By David Stockman, David Stockman’s Contra Corner:
In February 2004 Ben Bernanke famously declared the business cycle had been tamed and took a bow in behalf of enlightened monetary management, claiming it was the principal source of this beneficent development. Exactly 55 months later, of course, he terrorized the Congressional leadership and a clueless President with the frightening proposition that a Great Depression 2.0 was just around the corner.
As to why he had been so stupendously wrong, Bernanke did not say. Nor did he explain why the brilliantly “stable” US economy had suddenly stumbled to the edge of an abyss despite the Fed’s energetic money printing in the interim. And the Fed had not been stingy in the slightest; its balance sheet had actually expanded by $150 billion or nearly 4.5% annually between February 2004 and the Lehman bankruptcy.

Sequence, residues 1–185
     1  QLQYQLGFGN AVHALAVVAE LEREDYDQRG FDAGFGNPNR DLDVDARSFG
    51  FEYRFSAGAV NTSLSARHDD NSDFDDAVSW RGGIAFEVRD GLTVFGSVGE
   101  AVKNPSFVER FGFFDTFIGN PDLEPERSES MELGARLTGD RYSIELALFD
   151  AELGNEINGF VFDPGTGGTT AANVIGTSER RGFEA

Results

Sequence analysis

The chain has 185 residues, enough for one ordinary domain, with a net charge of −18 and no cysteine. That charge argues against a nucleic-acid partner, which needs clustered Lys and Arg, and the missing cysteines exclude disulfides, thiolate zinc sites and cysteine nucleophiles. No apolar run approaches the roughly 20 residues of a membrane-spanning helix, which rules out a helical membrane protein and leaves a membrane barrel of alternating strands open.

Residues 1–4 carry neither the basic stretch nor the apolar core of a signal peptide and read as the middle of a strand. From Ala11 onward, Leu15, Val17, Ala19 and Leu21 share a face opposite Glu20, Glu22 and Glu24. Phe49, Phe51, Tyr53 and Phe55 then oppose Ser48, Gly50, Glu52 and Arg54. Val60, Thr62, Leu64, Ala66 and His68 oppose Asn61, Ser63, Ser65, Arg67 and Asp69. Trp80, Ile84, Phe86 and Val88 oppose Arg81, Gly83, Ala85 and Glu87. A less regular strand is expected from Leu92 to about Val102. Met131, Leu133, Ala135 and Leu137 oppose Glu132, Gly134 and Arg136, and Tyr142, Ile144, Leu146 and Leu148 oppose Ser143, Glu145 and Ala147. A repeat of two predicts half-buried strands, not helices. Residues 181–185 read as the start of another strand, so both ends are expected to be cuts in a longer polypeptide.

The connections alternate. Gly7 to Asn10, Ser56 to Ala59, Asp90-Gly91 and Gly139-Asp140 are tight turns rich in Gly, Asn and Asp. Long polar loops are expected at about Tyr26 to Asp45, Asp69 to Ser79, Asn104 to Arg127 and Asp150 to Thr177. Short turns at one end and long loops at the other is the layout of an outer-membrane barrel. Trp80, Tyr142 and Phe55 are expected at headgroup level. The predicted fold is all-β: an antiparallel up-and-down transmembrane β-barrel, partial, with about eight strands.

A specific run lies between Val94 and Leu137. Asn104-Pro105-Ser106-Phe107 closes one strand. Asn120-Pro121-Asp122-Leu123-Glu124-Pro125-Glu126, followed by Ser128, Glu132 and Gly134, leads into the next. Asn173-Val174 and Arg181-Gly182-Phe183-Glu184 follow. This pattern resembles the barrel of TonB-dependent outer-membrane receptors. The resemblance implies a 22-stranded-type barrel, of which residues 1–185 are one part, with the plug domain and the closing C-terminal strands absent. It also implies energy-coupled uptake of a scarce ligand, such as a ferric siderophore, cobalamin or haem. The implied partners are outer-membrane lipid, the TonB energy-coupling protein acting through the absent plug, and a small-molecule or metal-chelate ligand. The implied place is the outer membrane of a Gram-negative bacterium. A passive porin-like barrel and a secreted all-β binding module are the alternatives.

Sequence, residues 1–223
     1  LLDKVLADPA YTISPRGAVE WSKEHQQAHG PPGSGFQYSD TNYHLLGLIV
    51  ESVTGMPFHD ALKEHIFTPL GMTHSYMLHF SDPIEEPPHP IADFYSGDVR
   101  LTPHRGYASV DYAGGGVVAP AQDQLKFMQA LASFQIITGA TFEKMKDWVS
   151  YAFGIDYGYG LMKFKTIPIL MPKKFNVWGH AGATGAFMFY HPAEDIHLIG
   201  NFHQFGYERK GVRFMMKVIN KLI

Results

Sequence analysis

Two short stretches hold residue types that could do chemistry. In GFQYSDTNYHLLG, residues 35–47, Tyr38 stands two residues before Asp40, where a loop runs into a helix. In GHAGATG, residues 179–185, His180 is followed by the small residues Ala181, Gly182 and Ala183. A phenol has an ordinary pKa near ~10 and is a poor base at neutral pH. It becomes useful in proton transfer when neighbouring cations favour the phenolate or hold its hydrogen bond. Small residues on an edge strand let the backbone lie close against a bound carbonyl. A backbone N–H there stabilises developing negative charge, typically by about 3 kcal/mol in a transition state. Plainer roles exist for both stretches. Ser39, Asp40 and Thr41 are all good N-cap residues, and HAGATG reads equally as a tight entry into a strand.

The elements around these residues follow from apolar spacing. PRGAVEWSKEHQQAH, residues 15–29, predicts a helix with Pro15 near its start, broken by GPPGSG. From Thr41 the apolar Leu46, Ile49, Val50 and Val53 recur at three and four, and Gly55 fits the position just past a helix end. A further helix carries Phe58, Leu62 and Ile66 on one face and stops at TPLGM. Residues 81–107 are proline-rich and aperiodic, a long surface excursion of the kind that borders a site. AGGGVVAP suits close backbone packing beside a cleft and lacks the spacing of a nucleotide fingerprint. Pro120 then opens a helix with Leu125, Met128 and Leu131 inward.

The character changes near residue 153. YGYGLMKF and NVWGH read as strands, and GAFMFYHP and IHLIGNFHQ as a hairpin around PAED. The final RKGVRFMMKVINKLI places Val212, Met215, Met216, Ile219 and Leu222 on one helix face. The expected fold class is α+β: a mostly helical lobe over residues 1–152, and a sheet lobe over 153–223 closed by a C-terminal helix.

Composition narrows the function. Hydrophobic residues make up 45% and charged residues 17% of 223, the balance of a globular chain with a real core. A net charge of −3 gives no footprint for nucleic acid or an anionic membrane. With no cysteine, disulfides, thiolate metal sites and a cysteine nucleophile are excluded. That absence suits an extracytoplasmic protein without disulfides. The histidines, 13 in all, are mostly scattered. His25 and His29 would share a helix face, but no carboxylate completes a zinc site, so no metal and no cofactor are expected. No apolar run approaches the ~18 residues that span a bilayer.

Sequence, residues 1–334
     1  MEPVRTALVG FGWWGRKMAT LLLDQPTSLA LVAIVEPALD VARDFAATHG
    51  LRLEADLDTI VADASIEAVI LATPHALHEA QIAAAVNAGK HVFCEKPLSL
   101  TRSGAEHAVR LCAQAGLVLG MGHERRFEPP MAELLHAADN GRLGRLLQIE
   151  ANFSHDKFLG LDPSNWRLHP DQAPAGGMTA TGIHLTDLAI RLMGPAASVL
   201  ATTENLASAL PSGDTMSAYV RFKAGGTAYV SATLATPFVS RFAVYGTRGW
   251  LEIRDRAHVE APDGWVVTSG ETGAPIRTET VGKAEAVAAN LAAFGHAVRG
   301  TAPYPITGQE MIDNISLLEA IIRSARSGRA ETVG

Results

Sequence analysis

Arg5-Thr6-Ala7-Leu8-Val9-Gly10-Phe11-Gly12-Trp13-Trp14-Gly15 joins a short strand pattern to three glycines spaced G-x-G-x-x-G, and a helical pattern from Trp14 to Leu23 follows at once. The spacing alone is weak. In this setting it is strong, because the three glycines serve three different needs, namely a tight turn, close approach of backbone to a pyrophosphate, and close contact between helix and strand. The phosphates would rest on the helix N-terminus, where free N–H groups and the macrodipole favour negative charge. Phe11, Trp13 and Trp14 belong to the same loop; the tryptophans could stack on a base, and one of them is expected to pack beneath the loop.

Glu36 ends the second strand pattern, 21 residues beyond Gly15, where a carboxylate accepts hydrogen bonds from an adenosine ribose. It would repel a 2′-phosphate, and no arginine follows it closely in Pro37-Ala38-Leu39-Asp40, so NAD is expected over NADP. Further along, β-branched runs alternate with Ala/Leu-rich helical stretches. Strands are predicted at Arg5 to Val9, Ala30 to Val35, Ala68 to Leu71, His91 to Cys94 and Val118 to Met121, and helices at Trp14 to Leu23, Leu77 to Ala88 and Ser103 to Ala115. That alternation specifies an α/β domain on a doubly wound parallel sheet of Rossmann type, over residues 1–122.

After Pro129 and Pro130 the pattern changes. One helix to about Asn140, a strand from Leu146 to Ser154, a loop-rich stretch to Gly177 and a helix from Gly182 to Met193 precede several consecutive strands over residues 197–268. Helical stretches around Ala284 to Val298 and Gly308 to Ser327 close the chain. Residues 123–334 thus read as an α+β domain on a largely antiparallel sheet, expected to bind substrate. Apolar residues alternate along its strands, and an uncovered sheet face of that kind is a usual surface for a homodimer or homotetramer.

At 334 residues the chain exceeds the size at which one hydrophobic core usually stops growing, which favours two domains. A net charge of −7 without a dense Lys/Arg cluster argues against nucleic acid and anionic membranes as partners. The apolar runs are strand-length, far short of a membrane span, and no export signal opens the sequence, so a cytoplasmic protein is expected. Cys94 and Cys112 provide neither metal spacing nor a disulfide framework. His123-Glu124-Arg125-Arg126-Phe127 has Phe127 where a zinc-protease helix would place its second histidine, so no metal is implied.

Indeed, six and one-half years on from the financial crisis—events that made a mockery of the Great Moderation—the monetary politburo and its acolytes on Wall Street have offered no coherent explanation as to why Armageddon loomed nigh and why the worst business cycle plunge since the 1930s actually materialized. Certainly their lame Monday morning claim that “prudential regulation” had failed doesn’t cut it.
Indeed, depicted below is the staggering growth of household debt in the US economy between the two signal financial events of this century—the dotcom bust and the Lehman meltdown. Households literally borrowed themselves silly during that period, extracting upwards of $3 trillion of MEW (mortgage equity withdrawal) from their home ATM machines, among other delusionary outbreaks. Yet to say that this borrowing binge was caused by inadequate bank supervision is an insult to intelligence. It might as well be argued that the “financial contagion” that fueled the crisis arrived on a mysterious comet from deep space!